The Passat CC is Volkswagen's dishy new coupé version of the dull as dishwater saloon. But not every model is a motoring coup

I drove a Mercedes-Benz CLS last Monday. It always seemed a ludicrously indulgent car on which to spend a manufacturer's development and marketing budgets, as it is broadly an E-Class saloon with a side view shaped like a banana, less room inside and some more exotic mechanical parts. But buyers love it, because it looks like a concept car. They can drive a little bit of fantasyland without having to sign up to the Second Life website.


Model: Volkswagen Passat CC 1.8 TSI

Price: from £21,000 approx. On sale August

Engine: 1,798cc, four cylinders, 16 valves, turbocharger, 160bhp at 5,000rpm, 184lb ft at 1,500-4,200rpm

Transmission: six-speed manual, front-wheel drive

Performance: 138mph, 0-62 in 8.6sec, 37.2mpg official average. Carbon dioxide 180g/km

Volkswagen noticed this, and wondered if the Passat saloon (admirable to drive, dull to gaze upon despite its chrome goatee) might be similarly make-overable. So the Passat coupé idea was born: like the CLS, a car with four doors and four proper seats but a lower, racier roofline. Volkswagen hasn't gone the banana route, so the rearward-rising waistline is straight, but this is still a much more shapely machine than the saloon. Were it not for the rear lights, dramatic creations shaped like cartoon eyes and lit by LEDs, you'd think the tail was that of a new Jaguar.

But what to call this succulent creation with the bold, rounded nose? Rover invented this genre of four-door saloon with a reduced roof when it launched the Rover 3-litre Coupé in the early 1960s, but for the Passat the Coupé name was roundly rejected by the US, where VW hopes to sell many. In American minds a coupé can have only two doors. So the new car became Passat CC, and please ignore any thoughts of coupé-cabriolets (such as the Peugeot 207 CC). This Passat's roof does not open, but it can be part-constructed of glass if you so choose.

CC stands for Comfort Coupé, and opening a door – any door – shows why. The dashboard is regular Passat, and nothing wrong with that, but you sit a little lower in sumptuous seats for which you are expected to specify one of the leather options. These can include contrasting facings with perforations through which air can circulate, or suede-look Alcantara, or extra-soft nappa leather. Add to the ambience with strips of polished wood, or aluminium or fake carbon fibre.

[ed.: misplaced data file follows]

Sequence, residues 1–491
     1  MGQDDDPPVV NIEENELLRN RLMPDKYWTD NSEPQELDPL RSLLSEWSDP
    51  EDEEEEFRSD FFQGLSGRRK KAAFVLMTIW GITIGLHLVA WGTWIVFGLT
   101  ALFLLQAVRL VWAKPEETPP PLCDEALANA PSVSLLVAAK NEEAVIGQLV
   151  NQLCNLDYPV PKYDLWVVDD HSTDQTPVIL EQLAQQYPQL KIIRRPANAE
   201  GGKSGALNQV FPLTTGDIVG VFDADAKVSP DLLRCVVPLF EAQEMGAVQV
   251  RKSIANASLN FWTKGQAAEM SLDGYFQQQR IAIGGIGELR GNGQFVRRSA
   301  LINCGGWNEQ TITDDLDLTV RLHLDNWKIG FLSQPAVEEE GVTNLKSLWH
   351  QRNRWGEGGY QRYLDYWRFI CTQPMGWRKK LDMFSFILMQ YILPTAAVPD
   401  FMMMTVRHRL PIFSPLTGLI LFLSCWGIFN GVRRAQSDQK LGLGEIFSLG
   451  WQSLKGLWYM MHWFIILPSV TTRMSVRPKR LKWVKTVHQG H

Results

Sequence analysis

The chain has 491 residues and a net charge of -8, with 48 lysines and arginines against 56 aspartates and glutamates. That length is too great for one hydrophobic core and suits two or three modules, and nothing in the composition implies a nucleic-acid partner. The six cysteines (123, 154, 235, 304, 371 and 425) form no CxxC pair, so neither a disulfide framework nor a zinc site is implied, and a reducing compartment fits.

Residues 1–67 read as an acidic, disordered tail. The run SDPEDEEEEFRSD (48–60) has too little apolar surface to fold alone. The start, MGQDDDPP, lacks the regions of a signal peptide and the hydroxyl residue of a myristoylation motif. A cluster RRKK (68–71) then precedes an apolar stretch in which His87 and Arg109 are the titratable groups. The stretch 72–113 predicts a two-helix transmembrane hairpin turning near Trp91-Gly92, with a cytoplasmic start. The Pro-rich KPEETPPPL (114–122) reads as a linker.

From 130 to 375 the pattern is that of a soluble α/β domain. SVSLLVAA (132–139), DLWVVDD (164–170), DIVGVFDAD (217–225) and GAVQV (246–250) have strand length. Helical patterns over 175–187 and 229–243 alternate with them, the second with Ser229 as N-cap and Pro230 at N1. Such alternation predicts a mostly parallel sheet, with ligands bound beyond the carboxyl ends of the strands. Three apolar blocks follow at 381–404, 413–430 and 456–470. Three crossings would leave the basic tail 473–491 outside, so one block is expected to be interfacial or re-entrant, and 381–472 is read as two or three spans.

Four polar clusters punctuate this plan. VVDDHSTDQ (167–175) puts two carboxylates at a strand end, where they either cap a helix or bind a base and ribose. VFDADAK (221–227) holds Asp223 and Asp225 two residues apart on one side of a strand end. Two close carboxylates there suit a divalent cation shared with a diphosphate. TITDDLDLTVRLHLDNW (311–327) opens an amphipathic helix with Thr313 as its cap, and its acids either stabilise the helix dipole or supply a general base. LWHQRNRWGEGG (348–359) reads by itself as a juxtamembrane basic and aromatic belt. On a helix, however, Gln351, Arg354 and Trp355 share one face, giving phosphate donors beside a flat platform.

The rear seats are strictly for two, separated by a large roller-shutter storage box. Legroom here is plentiful, headroom less so; six-footers and above may find head and roof in contact. There's a good-size boot, though.

You can go for maximum bling, outside, with polished wheels to set off the bright-metal accents elsewhere. But bear in mind that polished wheels, even if lacquered, can get tatty quickly unless assiduously maintained. Wheels aside, all CC versions look much the same except that the better-equipped GT version has front foglights. It has Adaptive Chassis Control (ACC), too, which alters damping forces to suit the needs of the micro-second within three ranges (Comfort, Normal and Sport). It's much like the system used in larger Audis.

Several engines are available, of which I tried the three most significant. First off, the grandest CC of all, the 3.6-litre, V6-engined 4Motion with 300bhp and four-wheel drive (about £31,120). It has a DSG double-clutch gearbox, too, which works either as a smooth, quick-thinking automatic or as a sequential manual. This is certainly the heaviest Passat CC, but it should also be the most rapid and most impressive.

Why, then, is the CC V6 a disappointment? It feels too heavy and clumsy, there's too much mechanical activity in the transmission, and you sense that too much fuel is being burned to too little effect. It's technology overkill.

How about the 2.0 TDI, then? Here it's in 170bhp form, its diesel fuel fed by quiet common-rail instead of noisy pump-injector. That's better. The engine is quieter in its new guise and pulls better from low speeds, while this front-wheel drive CC feels keen and wieldy. On real roads it has as much pace as you would need, and it's frugal on fuel. But it's not the best Passat CC.

That car is the cheapest CC, the 1.8 TSI with the new 160bhp, petrol-fuelled turbo engine praised in last week's Audi AS4 test. This engine is smooth, crisp to respond and extremely likeable, and its light weight makes for the best-handling CC of all. Here, you can enjoy to the optimum the supple ride (leave the ACC in normal for best results), and the smooth, subtle steering.

Ah yes, the steering. One option on the CC is Lane Assist, which tugs the steering in the required direction if you wander over a white line without indicating. It's triggered past 40mph, but won't let the CC steer itself for more than eight seconds with your hands off the wheel. Nor can it manage a roundabout unaided. It was exciting trying, though.

Good car? Undoubtedly. But, as is so often the case, the real gem doesn't lie among the obvious glitter.


BMW 318i SE: £22,175

This is the premium territory the CC is entering. The BMW still has the edge on driving appeal, even if the CC trumps it for interior ambience and engine power

Mercedes-Benz C200 Elegance: £25,312

A supercharger brings CC-matching power, and the latest entry to the C-Class range is a delight to drive. But the Passat CC has a higher-quality aura, surprisingly

Volkswagen Passat 1.8 TSI Highline: £18,890

VW's own saloon is an obvious rival, trading sensuality for more space and a lower price. The Highline version comes with leather and other luxuries

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